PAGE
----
Arturo Giovannitti, the son of a pharmacist, was born in Ripabottoni, Italy, on 7th January, 1884. After finishing his education he emigrated to Canada. At the time he was deeply religious and he studied in several theological seminaries near Montreal. In 1904 he moved to New York City.
Giovannitti did a variety of different jobs after arriving in America. He was also an active trade unionist and became the leader of the Italian Socialist Federation of North America. He joined the Industrial Workers of the World (IWW), and in 1911 he became the editor of Il Proletario, a radical Italian-language weekly.
In January 1912 the American Woolen Company in Lawrence, Massachusetts, reduced the wages of its workers. This caused a walk-out and the IW), who had been busy recruiting workers into the union, took control of the dispute that became known as the Lawrence Textile Strike. The IWW formed a strike committee with two representatives from each of the nationalities in the industry. It was decided to demand a 15 per cent increase in wages, double-time for overtime work and a 55 hour week.
The mayor of Lawrence called in the local militia and attempts were made to stop the workers from picketing. Thirty-six of the workers were arrested and most of them sentenced to a year in prison. Money was collected throughout America to help the strikers.
The IWW sent Giovannitti to Lawrence to help organize relief. A network of soup kitchens and food distribution stations were set up and striking families received from $2 to $5 cash a week. Soon afterwards Elizabeth Gurley Flynn, Bill Haywood, and Carlo Tresca of the IWW arrived in Lawrence and took over the running of the strike.
Dynamite was found in Lawrence and newspapers accused strikers of being responsible. However, John Breen, a local undertaker, was charged and arrested with planting the explosives in an attempt to discredit the IWW. It was later discovered that William Wood, the president of the American Woolen Company, had paid Breen $500. Another man, Ernest Pitman, who claimed that he had been present in the company offices in Boston when the plan was developed, committed suicide before he could give evidence in court. Wood was unable to explain why he had given Breen the money but charges against him were dropped.
The Lawrence Textile Strike became so violent that as William Cahn has pointed out in his book Lawrence 1912: The Bread and Roses Strike (1977): "To safeguard the health of small children during the strike, parents would send them to relatives and friends in other cities. Small tots were bundled up, with identification tags hung around their necks, and sent off to spend a few weeks in New York or Bridgeport or Barre or Philadelphia. Usually a reception demonstration would be given the children upon their arrival in a community.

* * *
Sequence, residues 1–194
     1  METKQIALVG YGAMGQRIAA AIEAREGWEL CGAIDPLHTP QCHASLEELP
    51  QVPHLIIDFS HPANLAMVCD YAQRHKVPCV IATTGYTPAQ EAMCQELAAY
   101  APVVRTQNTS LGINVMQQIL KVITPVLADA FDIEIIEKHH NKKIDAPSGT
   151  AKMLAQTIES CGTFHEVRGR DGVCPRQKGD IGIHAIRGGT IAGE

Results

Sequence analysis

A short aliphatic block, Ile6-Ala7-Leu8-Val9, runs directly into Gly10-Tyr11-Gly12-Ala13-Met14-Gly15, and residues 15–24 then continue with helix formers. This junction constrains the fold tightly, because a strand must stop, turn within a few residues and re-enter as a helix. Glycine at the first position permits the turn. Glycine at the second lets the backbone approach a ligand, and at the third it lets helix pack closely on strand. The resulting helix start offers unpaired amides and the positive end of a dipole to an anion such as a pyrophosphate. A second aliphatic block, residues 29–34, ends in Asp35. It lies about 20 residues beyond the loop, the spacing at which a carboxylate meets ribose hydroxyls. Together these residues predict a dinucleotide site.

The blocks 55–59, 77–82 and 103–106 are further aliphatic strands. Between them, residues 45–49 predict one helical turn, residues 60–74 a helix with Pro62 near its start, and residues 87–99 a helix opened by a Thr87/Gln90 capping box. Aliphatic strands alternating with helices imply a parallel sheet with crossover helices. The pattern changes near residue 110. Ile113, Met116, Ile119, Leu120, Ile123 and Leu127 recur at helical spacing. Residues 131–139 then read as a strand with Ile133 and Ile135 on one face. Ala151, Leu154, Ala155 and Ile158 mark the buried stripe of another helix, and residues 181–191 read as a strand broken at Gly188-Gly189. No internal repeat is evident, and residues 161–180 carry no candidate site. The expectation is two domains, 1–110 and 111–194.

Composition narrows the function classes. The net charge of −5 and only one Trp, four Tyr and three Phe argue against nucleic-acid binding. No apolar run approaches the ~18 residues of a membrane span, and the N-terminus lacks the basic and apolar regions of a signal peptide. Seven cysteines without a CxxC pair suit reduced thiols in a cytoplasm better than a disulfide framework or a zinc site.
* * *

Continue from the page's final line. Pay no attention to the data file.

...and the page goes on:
The governor of Massachusetts ordered out the state militia and during one demonstration, a fifteen-year old boy was killed by a militiaman's bayonet. Soon afterwards a woman striker, Anna LoPizzo was shot dead. The union claimed that she had been killed by a police officer, but Joseph Caruso, a striker, was charged with her murder. Arturo Giovannitti and Joseph Ettor, who were three miles away speaking at a strike meeting, were arrested and charged as "accessories to the murder". The socialist lawyer, Fred H. Moore, was sent to Lawrence to defend them.
Faced with growing bad publicity, on 12th March, 1912, the American Woolen Company acceded to all the strikers' demands. By the end of the month, the rest of the other textile companies in Lawrence also agreed to pay the higher wages. However, Giovannitti and Ettor remained in prison without trial. Protest meetings took place in cities throughout America and the case eventually took place in Salem. On 26th November, 1912, both men were acquitted.
Giovannitti returned to New York City and began to associate with a group of socialists that lived in Greenwich Village. This included Max Eastman, John Reed, Floyd Dell, Robert Minor, Art Young, Michael Gold and Boardman Robinson. He also became a regular contributor to the socialist journal, The Masses. In 1914 Giovannitti published a book of poems, Arrows in the Gate, which had an introduction by Helen Keller.
Giovannitti believed that the First World War had been caused by the imperialist competitive system and that the USA should remain neutral. Over the next three years he was busy with anti-war agitation. He also founded two short-lived Italian-language political journals, Il Fuoco (1915) and Vita (1916). He also staged the first of his Italian-language dramas, Tenebre Rose.
The Industrial Workers of the World was virtually destroyed by its attempts to prevent American entry into the First World War and the Red Scare that followed. Giovannitti decided to abandon his involvement with revolutionary syndicalism and instead concentrated on traditional trade unionism. Over the next few years he played an important role in establishing the Italian Dress Makers Union and the International Ladies Garment Workers Union. He also contributed to the New Masses journal.
In the 1920s and 1930s Giovannitti was considered to be one of the greatest orators in the labour movement. Max Eastman commented that Giovannitti and Joseph Ettor were as well known to American radicals as Lenin and Leon Trotsky. As Robert D'Attilio has pointed out: "Their voices, which had been among the most intelligent and the most energetic in the fight for freedom and social justice in the beginning of this century, faded, however, into obscurity, melancholy examples of how difficult it is to sustain a lifelong radical posture in America."
Arturo Giovannitti worked as a farmer and wine maker in California before he died on 31st October, 1959.